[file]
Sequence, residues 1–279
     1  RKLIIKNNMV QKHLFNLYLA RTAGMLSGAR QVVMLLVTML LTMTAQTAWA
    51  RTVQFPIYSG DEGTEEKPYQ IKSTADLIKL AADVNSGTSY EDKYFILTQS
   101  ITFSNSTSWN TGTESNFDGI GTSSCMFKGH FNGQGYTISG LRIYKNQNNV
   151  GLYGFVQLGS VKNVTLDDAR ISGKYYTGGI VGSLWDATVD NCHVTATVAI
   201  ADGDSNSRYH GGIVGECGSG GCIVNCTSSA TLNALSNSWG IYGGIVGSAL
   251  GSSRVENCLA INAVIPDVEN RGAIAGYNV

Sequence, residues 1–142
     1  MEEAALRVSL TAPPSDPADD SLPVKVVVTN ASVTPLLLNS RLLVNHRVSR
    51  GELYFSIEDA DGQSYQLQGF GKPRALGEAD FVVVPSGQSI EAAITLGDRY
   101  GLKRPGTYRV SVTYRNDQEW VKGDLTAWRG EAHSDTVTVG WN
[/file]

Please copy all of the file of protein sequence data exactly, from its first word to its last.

Sequence, residues 1–279
     1  RKLIIKNNMV QKHLFNLYLA RTAGMLSGAR QVVMLLVTML LTMTAQTAWA
    51  RTVQFPIYSG DEGTEEKPYQ IKSTADLIKL AADVNSGTSY EDKYFILTQS
   101  ITFSNSTSWN TGTESNFDGI GTSSCMFKGH FNGQGYTISG LRIYKNQNNV
   151  GLYGFVQLGS VKNVTLDDAR ISGKYYTGGI VGSLWDATVD NCHVTATVAI
   201  ADGDSNSRYH GGIVGECGSG GCIVNCTSSA TLNALSNSWG IYGGIVGSAL
   251  GSSRVENCLA INAVIPDVEN RGAIAGYNV

Sequence, residues 1–142
     1  MEEAALRVSL TAPPSDPADD SLPVKVVVTN ASVTPLLLNS RLLVNHRVSR
    51  GELYFSIEDA DGQSYQLQGF GKPRALGEAD FVVVPSGQSI EAAITLGDRY
   101  GLKRPGTYRV SVTYRNDQEW VKGDLTAWRG EAHSDTVTVG WN